Joseph Caiaphas. Appointed high priest (after Simon ben Camith) by the procurator Valerius Gratus, under Tiberius. He continued in office from A.D. 26 to 37, when the proconsul Vitellius deposed him. The president of the Jewish council (Sanhedrim) which condemned the Lord Jesus, Caiaphas declaring Him guilty of blasphemy. (See ANNAS , his father-in-law, and father of five High priests, besides having been High priest himself, wielded a power equal to that of Caiaphas, whose deputy (sagan) he probably was. Hence he and Caiaphas are named as high priests together (Luke 3:2); and the band led away the Lord to him first, then to Caiaphas (John 18:13-24). Annas is called the high priest Acts 4:6, perhaps because he presided over the council (Sanhedrin).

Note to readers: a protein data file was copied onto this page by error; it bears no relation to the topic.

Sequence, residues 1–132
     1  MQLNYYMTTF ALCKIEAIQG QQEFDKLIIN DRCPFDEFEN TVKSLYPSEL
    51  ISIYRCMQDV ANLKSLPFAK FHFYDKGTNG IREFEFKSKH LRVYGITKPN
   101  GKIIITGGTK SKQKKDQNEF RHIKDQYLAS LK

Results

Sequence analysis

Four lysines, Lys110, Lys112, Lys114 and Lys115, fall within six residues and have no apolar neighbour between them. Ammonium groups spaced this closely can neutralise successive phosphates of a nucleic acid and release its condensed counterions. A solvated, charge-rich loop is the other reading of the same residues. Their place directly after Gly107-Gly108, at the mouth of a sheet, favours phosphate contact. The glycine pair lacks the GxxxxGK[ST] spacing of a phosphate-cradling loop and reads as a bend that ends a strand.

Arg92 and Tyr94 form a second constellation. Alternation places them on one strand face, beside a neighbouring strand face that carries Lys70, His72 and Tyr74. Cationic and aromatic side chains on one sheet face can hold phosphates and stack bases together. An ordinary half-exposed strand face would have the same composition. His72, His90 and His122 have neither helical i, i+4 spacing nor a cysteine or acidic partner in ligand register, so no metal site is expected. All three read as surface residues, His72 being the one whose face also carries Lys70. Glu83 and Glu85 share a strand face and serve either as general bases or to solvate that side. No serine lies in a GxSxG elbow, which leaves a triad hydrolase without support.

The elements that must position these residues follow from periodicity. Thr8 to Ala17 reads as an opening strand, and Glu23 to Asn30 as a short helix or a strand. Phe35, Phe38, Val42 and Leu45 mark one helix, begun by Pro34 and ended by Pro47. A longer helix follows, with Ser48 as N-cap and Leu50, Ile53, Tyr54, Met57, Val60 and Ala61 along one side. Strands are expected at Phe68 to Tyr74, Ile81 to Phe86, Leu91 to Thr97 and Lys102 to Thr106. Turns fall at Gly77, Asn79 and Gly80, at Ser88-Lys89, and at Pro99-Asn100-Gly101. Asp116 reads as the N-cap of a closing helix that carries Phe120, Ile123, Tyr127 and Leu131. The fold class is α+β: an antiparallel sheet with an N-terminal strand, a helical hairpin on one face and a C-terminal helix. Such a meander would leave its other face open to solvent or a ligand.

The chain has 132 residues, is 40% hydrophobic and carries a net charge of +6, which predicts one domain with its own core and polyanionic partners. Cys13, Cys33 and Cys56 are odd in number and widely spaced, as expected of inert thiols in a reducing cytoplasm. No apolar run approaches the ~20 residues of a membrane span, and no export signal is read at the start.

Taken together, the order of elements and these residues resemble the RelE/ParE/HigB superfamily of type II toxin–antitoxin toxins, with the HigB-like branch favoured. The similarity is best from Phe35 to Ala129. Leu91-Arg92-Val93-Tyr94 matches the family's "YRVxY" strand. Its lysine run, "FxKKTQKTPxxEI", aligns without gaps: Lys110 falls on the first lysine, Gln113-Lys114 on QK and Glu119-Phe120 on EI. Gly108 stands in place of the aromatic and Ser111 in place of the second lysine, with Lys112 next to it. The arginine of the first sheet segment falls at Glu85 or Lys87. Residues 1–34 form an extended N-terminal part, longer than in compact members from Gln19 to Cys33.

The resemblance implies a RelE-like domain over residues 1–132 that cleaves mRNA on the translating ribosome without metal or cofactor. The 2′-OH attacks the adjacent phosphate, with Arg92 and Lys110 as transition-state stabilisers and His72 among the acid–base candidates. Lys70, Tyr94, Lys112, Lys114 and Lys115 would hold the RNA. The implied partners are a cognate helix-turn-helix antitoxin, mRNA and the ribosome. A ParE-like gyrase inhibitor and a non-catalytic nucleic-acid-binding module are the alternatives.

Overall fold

The priesthood at the time no longer comprehended the end of their own calling. Providence therefore, while employing him as the last of the sacerdotal order (for it ceased before God at the death of Messiah, the true and everlasting Priest, whose typical forerunner it was) to prophesy Christ's death for the people, left him to judicial blindness as to the deep significance of his words: "Ye know nothing at all, nor consider that it is expedient for us that one man should die for the people, and that the whole nation perish not" (John 11:50-52). A proof that the Holy Spirit, not merely man's spirit, is the inspirer of the sacred writers (1 Peter 1:10-12). Balaam similarly was a bad man, yet uttered under the Spirit true and holy prophecies. Unscrupulous vigor, combined with political. shrewdness, characterizes him in the New Testament, as it also kept him in office longer than any of his predecessors. See Matthew 26:3; Matthew 26:57-65.